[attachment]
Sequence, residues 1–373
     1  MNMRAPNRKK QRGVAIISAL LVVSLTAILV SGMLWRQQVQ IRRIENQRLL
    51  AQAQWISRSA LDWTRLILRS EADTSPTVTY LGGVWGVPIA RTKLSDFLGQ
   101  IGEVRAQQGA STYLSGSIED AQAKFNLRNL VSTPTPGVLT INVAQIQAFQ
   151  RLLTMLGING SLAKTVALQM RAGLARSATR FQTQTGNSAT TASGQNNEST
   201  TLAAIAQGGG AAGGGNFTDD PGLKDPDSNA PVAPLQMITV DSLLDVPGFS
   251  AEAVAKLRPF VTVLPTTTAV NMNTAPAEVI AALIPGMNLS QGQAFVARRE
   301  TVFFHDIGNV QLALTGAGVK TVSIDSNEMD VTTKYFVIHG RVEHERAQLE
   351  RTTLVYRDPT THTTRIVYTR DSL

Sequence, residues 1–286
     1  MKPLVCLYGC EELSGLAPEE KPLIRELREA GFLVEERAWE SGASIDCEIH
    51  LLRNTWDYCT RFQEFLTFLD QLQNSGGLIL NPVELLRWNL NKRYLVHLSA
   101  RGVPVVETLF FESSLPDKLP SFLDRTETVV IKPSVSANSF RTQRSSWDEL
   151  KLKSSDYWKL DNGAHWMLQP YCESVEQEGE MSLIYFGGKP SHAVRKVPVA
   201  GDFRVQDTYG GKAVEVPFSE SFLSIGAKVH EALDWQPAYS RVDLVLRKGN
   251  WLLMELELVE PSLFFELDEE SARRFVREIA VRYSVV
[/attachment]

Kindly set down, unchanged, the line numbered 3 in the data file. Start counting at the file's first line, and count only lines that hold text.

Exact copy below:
    51  AQAQWISRSA LDWTRLILRS EADTSPTVTY LGGVWGVPIA RTKLSDFLGQ